UN peace envoy says Damascus bombings killed 100

BEIRUT – At least 100 people have been killed in four bombings across Damascus in one of the bloodiest days in the Syrian capital since the eruption of armed uprising against President Bashar al-Assad in 2011.

The toll in the Thursday bombings was confirmed by international peace envoy Lakhdar Brahimi who described the blasts as a “war crime”.

The number of the dead given by Brahimi Friday was grimly higher than the 61 given by Syrian activists after a suicide bomber staged the attack near the entrance to President Bashar al-Assad’s ruling party offices.

Brahimi said he “strongly condemns the savage and horrible explosion in Damascus yesterday, which resulted in the killing of around 100 and the injuring of 250 civilians.

“Nothing could justify such horrible actions that amount to war crimes under international law,” the UN-Arab League envoy added in a statement.

Brahimi called last month for the UN Security Council to set up an independent international investigation for “such crimes” in Syria.

Assad’s government and the opposition have blamed “terrorists” for the attack near the headquarters of the ruling Ba’ath party.

Children from a nearby school and Nayef Hawatmeh, leader of the Democratic Front for the Liberation of Palestine, were among more than 250 people reportedly injured in the blast in the Mazra’a district of the capital.

The explosion also damaged the Russian embassy.

Sana, the state news agency, said the perpetrators were supported by “America, Zionism and some Gulf states”.

The explosion shattered windows and sent up a huge plume of smoke that was visible across much of Damascus.

The Syrian Observatory for Human Rights, quoting figures it said were compiled from hospitals and other medical sources, said at least 60 of the total dead were killed in the powerful car bomb blast.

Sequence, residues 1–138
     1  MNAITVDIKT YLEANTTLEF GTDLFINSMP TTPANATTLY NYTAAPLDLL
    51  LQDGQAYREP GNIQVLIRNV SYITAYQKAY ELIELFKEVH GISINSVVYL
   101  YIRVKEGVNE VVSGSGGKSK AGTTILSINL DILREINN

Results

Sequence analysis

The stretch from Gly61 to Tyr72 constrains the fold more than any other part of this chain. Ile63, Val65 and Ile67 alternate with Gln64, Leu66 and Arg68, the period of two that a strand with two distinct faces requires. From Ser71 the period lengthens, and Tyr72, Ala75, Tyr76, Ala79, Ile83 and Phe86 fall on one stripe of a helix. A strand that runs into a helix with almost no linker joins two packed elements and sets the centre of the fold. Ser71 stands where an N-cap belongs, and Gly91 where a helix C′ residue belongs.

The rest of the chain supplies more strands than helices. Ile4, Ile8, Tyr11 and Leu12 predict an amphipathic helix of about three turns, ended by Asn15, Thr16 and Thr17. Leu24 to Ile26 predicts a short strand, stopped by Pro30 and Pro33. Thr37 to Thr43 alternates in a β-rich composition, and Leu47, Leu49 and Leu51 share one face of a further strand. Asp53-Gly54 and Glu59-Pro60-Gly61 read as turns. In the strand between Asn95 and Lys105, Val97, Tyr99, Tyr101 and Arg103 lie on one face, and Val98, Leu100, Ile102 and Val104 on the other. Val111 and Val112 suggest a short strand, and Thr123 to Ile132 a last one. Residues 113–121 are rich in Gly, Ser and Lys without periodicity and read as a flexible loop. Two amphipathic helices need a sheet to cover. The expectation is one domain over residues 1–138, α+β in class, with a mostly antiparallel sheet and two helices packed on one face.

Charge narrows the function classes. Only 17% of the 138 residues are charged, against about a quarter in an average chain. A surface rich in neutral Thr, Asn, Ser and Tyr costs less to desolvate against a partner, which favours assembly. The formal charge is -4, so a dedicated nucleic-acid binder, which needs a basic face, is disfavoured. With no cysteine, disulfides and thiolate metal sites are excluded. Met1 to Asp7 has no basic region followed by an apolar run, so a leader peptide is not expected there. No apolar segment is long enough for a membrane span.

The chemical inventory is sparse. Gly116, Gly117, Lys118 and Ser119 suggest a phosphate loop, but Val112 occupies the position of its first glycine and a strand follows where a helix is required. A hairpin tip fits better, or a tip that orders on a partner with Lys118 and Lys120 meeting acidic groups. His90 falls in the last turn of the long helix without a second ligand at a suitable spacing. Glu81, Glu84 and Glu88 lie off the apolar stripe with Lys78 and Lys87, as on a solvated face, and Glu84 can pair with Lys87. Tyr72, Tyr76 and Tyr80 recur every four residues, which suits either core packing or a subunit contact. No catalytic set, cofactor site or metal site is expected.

The others were killed in three coordinated bombings in the north-eastern district of Barzeh, the Britain-based group said.

In addition to the violence in the capital, more than 200 people were killed elsewhere including in the Damascus suburbs, the southern city of Deraa and northern commercial hub of Aleppo, bringing Thursday’s death to around 300 – one of the highest in a single day, the Observatory said.

The United Nations says 70,000 people have died in Syria’s conflict.

Russia, a close ally of Assad’s, accused the United States Friday of having double standards over the violence in Syria, saying Washington had blocked a UN Security Council statement condemning the Mazraa car bomb.

“We see in it a very dangerous tendency by our American colleagues to depart from the fundamental principle of unconditional condemnation of any terrorist act, a principle which secures the unity of the international community in the fight against terrorism,” Foreign Minister Sergei Lavrov said.

“It is time to end this two-year conflict. Neither party can afford a military solution because this is a path to nowhere, a path toward mutual extermination among the people,” Lavrov said.

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